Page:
Although the days passed quickly this year, we are approaching the end of Lent with Easter Sunday and the Resurrection of Christ. This year especially, I have noticed that, even though I’ve been busy with my dissertation and still more essays this year, I have drawn closer to Christ. Not through prayer or alms-giving or abstinence, as I would have expected and have tried to utilise, but through my thoughts and observations.

So, for 7 Quick Takes Friday, I’d share some of the realisations and feelings this Lent has delivered to me.

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  1. Giving

Something I wish I’d been truly aware (instead of just knowing it, but feeling it too) of before this year is how much God is always there, always permeating our lives. I’ve been following the CATHOD blog since the genesis of this little blog, and I am enjoying their series at the moment about the challenges their volunteers have been doing as part of Lent, including things like cutting down the amount of water they use per day as solidarity for those in low income countries who have to walk miles daily just to get dirty water.

Only the last couple of days has it hit me that giving during isn’t just involving others; giving can be giving one’s self challenges to make one conscious of how much luxury the first world situation is. Maybe I can try and do something challenging, like cut down the amount of washing I do. I am sure I can live more cost-effective and world-aware.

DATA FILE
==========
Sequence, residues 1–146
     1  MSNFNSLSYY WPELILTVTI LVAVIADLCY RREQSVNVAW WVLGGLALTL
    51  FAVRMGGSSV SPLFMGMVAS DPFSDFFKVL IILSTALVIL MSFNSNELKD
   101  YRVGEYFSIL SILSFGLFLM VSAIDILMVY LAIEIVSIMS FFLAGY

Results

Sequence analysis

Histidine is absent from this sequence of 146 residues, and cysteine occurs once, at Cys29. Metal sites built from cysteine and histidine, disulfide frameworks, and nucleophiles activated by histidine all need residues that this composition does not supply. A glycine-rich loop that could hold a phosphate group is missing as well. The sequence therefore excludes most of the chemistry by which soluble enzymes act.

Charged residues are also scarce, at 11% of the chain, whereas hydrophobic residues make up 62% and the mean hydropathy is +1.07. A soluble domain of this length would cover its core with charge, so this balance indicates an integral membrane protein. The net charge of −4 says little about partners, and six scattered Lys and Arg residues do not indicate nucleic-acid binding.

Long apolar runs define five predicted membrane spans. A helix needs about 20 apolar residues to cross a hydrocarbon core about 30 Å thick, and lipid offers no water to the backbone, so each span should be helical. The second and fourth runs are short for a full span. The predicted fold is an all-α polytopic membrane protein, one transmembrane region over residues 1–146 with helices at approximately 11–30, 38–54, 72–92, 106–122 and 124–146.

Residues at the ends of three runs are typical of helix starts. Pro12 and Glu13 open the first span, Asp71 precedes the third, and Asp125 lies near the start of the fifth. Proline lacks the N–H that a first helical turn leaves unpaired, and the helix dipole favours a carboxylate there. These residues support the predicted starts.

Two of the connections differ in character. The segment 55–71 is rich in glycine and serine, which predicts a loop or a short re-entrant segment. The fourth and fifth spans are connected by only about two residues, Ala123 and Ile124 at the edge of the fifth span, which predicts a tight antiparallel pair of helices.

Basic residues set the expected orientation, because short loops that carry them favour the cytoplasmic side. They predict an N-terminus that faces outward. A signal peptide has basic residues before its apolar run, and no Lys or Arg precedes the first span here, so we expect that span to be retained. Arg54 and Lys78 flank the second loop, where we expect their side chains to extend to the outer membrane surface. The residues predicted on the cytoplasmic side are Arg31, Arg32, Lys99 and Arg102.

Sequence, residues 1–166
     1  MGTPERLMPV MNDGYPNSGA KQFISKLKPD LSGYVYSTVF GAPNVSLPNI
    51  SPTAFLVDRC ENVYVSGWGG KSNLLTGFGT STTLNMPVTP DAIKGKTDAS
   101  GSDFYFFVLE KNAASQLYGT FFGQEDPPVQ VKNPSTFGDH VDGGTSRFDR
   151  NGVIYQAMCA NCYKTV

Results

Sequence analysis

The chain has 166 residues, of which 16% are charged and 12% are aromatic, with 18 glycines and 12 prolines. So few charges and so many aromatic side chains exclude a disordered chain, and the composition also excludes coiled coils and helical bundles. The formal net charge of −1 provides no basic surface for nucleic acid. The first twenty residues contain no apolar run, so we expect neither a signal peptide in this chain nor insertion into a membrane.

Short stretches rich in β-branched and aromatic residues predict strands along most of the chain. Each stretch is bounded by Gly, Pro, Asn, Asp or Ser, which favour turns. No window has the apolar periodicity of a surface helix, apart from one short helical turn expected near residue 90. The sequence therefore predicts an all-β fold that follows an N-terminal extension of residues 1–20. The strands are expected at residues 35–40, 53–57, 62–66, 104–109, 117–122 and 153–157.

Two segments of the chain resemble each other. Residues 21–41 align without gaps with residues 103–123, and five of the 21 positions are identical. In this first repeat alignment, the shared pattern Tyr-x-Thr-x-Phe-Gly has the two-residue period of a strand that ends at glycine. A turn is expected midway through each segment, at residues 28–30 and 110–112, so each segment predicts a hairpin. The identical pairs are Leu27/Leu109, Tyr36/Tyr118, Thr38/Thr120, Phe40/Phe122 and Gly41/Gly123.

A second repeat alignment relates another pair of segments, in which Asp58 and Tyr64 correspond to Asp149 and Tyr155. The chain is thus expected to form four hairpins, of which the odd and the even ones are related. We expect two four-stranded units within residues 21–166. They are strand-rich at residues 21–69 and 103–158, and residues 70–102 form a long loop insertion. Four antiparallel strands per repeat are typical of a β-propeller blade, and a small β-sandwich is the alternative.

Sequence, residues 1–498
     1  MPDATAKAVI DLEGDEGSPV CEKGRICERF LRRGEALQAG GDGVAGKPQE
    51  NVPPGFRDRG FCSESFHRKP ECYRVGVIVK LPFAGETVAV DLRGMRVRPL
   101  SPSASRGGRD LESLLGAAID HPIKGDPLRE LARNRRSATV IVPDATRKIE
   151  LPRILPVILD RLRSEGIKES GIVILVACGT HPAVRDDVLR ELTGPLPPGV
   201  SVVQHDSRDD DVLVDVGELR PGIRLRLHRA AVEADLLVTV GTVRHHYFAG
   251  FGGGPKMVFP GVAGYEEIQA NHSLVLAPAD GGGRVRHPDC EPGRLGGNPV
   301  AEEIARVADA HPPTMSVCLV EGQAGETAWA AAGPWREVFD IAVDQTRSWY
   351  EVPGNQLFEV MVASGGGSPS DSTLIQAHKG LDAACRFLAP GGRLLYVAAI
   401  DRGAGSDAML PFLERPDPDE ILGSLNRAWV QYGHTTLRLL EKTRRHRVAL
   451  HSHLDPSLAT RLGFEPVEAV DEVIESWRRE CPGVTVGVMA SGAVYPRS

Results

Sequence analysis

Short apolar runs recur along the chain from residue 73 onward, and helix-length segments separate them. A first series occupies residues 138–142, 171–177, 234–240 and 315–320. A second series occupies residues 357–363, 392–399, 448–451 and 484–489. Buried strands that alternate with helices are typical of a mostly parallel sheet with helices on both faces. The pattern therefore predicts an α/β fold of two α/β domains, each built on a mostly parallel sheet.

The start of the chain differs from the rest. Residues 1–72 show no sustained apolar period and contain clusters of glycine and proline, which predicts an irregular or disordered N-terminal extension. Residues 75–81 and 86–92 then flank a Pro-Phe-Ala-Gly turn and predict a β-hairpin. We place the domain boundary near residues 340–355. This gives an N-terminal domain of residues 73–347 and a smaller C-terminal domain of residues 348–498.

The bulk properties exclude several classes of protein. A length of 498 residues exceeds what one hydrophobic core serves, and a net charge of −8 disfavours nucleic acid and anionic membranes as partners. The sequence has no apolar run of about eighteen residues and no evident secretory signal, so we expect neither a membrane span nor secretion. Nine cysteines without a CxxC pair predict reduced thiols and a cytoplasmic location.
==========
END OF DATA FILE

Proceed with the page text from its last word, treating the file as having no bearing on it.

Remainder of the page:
1. Fasting

Today has been one of my best days fasting that I have had. I don’t tend to fast except on days of obligation, but to focus the mind on God, it might be good to fast more often. I think I could do it tomorrow as well. I put on a nice dress, had a shower – I even walked 3 miles! What’s wrong with not eating? 🙂

3. Abstinence

I am definitely considering trying to make my Fridays permanently meat-free (as well as my usual Thursdays and Wednesdays). I mean, I can’t afford much meat as a student anyway, but limiting the amount of meat I buy can be beneficial for the environment and my giving up something I like on a long-term basis will help me to think of those who have no choice with their diets.

The only complications are when visiting friends and my tendency to have pizza on Fridays (and pizza is just bland without meat 😉 ).

4. Respect

Having not been to a proper Triduum before, I was surprised by the feet-washing part of the liturgy for the Celebration of the and the little note in today’s Mass saying “If you would like, like may follow the ancient tradition of removing your shoes before the Cross.” Surprised, but delighted, though. One of the reasons I was drawn to the Catholic Church is because I have always been naturally traditionally-minded.